As my colleague John Witvliet has also frequently noted, what you find in the older prayers of the tradition is a conscious and conscientious decision to cover a wide range of prayer categories and concerns. Prayers and prayer outlines used in the 4th and 5th centuries, for instance, had lists of upwards of two dozen concerns for the weekly prayers in public worship. Here is an idea of what was covered as a matter of course: Prayers for . . .
- all magistrates and their governments that they may work for peace
- those with authority that they may love and pursue justice
- the holy catholic church, its tranquility and flourishing
- the local parish and its ministries
- every episcopate under heaven
- the local bishops and other church leaders
- elders, deacons, singers, readers
- widows, orphans, the single, the married, those women with child
- those who bear fruit in the church, who give alms and offerings, who support the poor in all places
- those new to the faith that their faith and discipleship will strengthen and mature
- those dealing with illnesses of various kinds
- those who travel by water or land, those who work in mines, those who are in prison, those oppressed by bitter servitude anywhere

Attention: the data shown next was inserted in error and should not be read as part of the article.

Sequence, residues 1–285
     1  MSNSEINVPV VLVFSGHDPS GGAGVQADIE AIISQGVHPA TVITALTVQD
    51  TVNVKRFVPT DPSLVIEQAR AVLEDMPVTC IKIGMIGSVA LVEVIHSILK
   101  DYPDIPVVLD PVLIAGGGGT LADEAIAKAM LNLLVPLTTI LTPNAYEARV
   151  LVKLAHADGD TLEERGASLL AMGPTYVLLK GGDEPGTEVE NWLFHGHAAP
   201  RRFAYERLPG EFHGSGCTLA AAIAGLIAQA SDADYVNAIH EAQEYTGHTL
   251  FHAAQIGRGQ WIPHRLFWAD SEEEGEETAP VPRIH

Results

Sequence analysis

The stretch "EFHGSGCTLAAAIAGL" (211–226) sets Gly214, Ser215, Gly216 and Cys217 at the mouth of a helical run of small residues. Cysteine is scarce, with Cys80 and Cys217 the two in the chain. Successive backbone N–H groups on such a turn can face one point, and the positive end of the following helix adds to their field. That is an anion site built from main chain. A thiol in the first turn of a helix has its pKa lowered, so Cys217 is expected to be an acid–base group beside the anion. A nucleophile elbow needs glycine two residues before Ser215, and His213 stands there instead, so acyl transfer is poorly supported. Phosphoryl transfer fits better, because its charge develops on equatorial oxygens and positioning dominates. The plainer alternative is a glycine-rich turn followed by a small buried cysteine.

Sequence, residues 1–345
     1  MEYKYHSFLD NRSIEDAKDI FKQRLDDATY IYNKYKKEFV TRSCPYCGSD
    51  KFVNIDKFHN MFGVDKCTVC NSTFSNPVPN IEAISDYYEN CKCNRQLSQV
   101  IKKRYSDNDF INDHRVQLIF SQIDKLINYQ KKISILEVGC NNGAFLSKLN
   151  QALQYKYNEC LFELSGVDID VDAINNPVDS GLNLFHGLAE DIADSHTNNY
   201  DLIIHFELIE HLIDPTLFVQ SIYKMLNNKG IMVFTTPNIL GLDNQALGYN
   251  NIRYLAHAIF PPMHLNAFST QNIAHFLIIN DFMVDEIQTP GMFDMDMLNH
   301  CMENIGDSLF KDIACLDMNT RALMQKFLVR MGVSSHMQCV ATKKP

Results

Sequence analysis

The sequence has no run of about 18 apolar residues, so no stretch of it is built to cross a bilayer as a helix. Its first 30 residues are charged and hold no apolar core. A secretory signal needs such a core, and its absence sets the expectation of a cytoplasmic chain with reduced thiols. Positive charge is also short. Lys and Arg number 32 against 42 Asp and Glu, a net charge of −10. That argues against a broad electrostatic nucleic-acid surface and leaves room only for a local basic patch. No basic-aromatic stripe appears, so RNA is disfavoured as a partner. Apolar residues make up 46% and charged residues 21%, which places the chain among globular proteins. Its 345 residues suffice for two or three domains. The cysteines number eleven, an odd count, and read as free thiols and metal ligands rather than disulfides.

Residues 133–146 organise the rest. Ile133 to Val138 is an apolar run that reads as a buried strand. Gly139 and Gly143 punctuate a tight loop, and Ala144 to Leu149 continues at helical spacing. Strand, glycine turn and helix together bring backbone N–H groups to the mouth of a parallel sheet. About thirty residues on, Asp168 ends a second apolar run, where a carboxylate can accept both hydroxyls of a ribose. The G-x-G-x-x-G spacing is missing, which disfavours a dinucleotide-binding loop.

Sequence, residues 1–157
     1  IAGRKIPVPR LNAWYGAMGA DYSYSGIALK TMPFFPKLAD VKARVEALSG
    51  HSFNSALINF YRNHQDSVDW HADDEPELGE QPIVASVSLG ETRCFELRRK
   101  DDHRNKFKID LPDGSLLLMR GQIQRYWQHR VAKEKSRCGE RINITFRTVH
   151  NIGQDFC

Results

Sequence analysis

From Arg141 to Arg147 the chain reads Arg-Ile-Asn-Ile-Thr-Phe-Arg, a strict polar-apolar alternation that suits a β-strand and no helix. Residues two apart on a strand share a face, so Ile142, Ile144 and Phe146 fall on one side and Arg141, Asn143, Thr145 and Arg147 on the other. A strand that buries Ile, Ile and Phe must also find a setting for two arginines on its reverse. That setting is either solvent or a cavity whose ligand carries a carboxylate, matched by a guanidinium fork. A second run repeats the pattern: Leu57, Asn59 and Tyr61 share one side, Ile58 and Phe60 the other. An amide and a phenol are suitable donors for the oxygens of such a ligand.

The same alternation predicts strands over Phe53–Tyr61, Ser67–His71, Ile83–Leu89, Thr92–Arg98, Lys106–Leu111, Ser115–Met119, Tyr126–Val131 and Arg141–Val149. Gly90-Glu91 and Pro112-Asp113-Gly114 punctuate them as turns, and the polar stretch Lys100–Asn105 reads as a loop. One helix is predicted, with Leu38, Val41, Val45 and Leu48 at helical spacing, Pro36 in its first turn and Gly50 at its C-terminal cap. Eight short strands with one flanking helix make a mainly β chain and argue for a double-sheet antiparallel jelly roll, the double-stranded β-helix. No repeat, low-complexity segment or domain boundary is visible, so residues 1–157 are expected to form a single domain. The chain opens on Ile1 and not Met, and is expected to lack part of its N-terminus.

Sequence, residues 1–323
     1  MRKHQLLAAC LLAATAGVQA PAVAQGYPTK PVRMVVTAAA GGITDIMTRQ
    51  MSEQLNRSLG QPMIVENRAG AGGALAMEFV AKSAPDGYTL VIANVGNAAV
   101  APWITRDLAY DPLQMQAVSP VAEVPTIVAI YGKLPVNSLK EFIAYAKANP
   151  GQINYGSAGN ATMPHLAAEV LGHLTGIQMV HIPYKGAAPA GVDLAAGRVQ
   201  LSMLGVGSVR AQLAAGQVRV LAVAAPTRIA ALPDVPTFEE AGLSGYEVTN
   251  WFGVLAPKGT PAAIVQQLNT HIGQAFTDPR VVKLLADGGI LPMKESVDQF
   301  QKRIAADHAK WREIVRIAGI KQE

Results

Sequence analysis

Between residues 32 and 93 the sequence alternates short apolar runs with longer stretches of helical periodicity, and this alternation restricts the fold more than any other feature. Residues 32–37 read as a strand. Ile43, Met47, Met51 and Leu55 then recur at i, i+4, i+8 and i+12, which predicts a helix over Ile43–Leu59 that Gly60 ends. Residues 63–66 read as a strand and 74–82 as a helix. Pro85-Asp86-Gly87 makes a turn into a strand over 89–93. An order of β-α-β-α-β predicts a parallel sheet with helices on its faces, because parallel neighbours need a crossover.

- opportune weather and abundant rains for the growing of food to feed all
- our enemies and all who hate and persecute us that their anger may be calmed
- those who wander and those who are young
- every soul under heaven and for one another in this place
What if those of us who are graced to lead in public worship disciplined ourselves to have such a wide range of prayer concerns on a regular basis? And what if we then populated our prayers with specific names and situations that may or may not be in the news (or still in the news) ahead of any given Sunday but that are proper concerns for God’s people to ponder when worshiping the Lord of lords and King of kings? What if we started to pick–I never did this as a pastor but wish I had–one country a week to find out something about it, what the condition of the church is there, and then raise it up in prayer? This week, Uganda. Next week, Paraguay.
Of all the things we do in church every Sunday, prayer is one of the few portable practices. That is, we may not hear or preach a sermon Monday-Saturday; we may or may not sing hymns during the week or listen to a choir; we may or may not give an offering or receive a benediction from someone; we probably do not engage baptism or the Lord’s Supper in between worship services. But the one thing we do together on Sundays that we continue to do all week is pray. Those of us who pray in public worship have the chance to set an example, a tone, a model to which others may aspire. Being thoughtful about what we put into those public prayers, then, is at once a privilege and a sacred duty.